We did not always buy Dexter butter because we had so much extra cream we often made our own butter at home. Sounds exciting but not to me because I was the one that turned the butter churn. Easy work but oh so boring. The butter we made was in small amounts and kept in a bucket deep in our well to keep it fresh.

Veggies we would can by putting the vegetables in glass Kerr or Ball jars with the lid sealed with a rubber ring. The sealed jar would then be put into a cooker for the purpose of killing any bacteria left in the jars that would spoil the contents. It was lots of work and every one would help including me. I did hate to shell peas. Root crops we would dry and store in the cool basement. We had a bin for the potatoes, and another bin for onions and beets.

I remember our biggest problem was the preserving of meat. There were a number of butcher shops in most all of the towns; even a small town like Dexter was no exception. We could buy fresh meats but we had no way to keep it from spoiling

George Blohm opened his butcher shop in Dexter in 1888 located back of where Webb's Cafe once stood on State street now old Highway 6. This is where George did all his own butchering, smoked the meat and also made wieners, sausage, and rendered his own lard. By 1906 George had moved his butcher shop to the present location on Marshall Street. For years Blohm's would deliver fresh meat, groceries and possibly ice as many as four times a day to his customers in town. After the war people were buying cars, driving to town to do their shopping instead of having Blohms deliver. With a loss of business Blohm dropped to two delivers a day and finally discontinued the delivery altogether.

George Blohm passed away in 1918. After George's son Carl returned from the war he took over all of the butchering until 1934. Carl and his wife Wilma also besides the butcher shop started a restaurant called the Dexter Cafe. Wilma and Carl's most famous customers were outlaw Clyde Barrow and the notorious Barrow gang.

Almost daily for most of a week Wilma Blohm would fix 5 meals to go for Clyde while husband Carl would put a block of ice on the bumper of Clyde Barrow's car while Bonnie Parker stayed in the car and watched. The gang was camped near Dextfield park just north of Dexter until a posse flushed them out in a hail of gunfire. Three of the gang escaped including Clyde and his girl friend Bonnie Parker.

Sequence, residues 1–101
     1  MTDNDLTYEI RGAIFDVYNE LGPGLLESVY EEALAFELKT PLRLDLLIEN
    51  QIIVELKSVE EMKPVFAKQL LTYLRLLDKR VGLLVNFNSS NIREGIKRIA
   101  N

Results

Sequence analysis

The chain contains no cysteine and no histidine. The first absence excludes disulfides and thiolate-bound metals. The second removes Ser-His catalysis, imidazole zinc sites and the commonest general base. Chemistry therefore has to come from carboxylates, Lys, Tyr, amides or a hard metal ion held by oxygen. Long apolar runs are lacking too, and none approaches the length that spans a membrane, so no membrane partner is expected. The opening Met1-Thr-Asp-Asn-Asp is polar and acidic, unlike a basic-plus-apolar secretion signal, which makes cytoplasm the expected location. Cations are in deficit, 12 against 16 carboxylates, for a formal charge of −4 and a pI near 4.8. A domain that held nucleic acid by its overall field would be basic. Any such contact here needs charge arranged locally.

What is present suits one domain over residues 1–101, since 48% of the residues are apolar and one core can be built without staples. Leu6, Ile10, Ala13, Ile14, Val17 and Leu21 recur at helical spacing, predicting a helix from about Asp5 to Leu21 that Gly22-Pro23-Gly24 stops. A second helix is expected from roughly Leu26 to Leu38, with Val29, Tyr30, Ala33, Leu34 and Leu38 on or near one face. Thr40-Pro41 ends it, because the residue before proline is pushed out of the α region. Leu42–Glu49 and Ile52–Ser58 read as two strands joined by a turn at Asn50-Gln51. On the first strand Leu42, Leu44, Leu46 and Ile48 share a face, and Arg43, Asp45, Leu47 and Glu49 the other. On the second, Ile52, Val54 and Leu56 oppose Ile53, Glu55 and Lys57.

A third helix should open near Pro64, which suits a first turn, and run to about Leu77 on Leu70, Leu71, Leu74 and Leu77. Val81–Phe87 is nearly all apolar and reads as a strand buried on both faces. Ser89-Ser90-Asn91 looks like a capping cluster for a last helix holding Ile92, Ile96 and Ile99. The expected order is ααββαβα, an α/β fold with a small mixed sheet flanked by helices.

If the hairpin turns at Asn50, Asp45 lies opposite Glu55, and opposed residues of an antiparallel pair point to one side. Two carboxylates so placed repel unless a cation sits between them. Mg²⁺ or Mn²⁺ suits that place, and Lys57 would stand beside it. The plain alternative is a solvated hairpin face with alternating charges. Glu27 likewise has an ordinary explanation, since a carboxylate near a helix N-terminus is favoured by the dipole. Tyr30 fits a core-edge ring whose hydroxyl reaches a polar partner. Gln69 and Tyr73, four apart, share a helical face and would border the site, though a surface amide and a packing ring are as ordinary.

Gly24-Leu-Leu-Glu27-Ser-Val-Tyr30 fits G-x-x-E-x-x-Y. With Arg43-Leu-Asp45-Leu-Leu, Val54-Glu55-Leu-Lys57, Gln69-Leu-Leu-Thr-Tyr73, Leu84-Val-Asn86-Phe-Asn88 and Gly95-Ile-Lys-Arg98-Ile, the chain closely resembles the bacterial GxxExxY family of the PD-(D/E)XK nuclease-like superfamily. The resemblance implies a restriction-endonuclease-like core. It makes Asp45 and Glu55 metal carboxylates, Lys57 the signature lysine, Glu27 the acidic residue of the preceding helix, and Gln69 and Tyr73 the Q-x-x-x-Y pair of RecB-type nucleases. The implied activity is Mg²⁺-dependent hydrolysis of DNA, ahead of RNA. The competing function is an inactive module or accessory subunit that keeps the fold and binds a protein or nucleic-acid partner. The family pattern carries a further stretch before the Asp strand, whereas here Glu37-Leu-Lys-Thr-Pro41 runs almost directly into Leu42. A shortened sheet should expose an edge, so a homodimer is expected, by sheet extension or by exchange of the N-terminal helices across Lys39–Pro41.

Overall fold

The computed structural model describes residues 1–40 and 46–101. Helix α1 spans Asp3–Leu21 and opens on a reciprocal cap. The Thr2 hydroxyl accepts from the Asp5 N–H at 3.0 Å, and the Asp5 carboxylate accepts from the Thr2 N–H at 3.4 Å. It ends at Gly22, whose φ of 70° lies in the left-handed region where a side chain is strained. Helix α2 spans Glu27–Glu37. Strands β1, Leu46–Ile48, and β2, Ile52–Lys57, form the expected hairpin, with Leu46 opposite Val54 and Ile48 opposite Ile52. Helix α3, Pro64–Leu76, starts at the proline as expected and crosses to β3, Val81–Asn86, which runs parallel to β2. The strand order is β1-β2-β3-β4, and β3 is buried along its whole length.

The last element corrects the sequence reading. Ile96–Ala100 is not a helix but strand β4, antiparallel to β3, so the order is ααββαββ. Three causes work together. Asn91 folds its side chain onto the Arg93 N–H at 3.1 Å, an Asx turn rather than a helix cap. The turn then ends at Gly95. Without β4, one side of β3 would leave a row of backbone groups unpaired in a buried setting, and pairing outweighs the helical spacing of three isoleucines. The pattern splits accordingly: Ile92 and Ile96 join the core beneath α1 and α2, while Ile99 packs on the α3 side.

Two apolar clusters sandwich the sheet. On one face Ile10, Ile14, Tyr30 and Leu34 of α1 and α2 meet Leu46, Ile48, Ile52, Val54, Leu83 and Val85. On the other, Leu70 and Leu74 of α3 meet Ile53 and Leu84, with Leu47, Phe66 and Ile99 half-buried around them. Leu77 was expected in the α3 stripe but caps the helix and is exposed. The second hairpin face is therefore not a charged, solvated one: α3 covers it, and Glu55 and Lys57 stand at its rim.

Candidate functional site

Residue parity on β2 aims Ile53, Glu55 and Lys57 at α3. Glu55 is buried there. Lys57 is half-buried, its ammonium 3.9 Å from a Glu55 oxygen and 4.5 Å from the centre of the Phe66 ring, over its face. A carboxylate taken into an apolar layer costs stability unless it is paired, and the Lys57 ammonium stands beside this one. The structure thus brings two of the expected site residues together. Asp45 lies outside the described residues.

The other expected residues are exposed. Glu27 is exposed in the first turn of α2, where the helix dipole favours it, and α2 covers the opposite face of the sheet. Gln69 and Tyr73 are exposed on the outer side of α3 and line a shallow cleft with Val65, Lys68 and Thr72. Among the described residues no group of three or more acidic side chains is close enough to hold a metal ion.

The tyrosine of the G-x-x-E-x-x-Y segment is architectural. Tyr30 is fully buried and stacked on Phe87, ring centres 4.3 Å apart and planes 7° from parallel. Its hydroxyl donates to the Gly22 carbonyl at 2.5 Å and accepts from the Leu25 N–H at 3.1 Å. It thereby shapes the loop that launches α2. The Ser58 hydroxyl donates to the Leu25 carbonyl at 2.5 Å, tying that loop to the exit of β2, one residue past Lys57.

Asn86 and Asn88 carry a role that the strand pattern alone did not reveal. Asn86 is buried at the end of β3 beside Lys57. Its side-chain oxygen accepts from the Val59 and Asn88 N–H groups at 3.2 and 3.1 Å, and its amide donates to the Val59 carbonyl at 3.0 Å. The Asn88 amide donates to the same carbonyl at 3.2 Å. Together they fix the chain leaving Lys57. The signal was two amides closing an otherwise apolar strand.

In 1934 Carl and Wilma turned the business over to Carl's sister Martha, along with brothers Ed and Walter. Ed took over the butchering while Martha and Walter ran the store and cafe The cafe's name was renamed the "Indian Grill".

Before lockers solved the problem of preserving meats most of the farm folk would butcher late in the fall after the weather had cooled down. I remember the time we butchered a hog one late fall day. The squealing hog would be pulled up by his hind legs and stuck in the neck to bleed out. Then it would be skinned, cleaned and cut up. Some of the best meat was saved for canning. A couple of hams and the belly were saved for curing with salt and sugar. I think we hired this out. The fat was trimmed off to make lard. Rendering lard was no easy task; the fat would be cooked and pressed out with a lard press. The lard was kept in small crock jars where we stored them in the cool basement until needed in the kitchen. All that was left over from the rendering was the cracklings. These I guess were also edible but not by me. Left over pork that we did not can or cure was hung in the shed where it would freeze with the upcoming winter weather. For several weeks after we butchered we had pork three times a day.

This all changed the next year in 1940 when Blohm's put in a locker plant. A major break through for rural farm and town people alike. I know this stopped our home butchering as we would either buy a side of beef from Blohms or take a hog up for Ed Blohm to butcher. Ed would wrap the meat in white paper and marked each package with the name of the contents. This would be placed in one of Blohm's rented lockers.

As a young boy it was fun to go into this very cold locker plant where the temperature was always zero or below. It would take a while to find the meat that mother wanted as it was usually clear to the back of the locker. We would sometimes have to unload the locker until we found what we wanted and refill it back up again. By then we would be cold and shivering as we walked out into warm summer heat.

We got REA electric power shortly after the war was over and the first thing we bought was a refrigerator, but the freezer came later. Running water was another big improvement except sometimes we would pump the well dry. Now we finally had every thing the town people had except for one thing. The town folks did not have the dusty roads that we had in the country. Still living in the country during this time was an exciting and wonderful experience for a young boy growing up.

James Graham.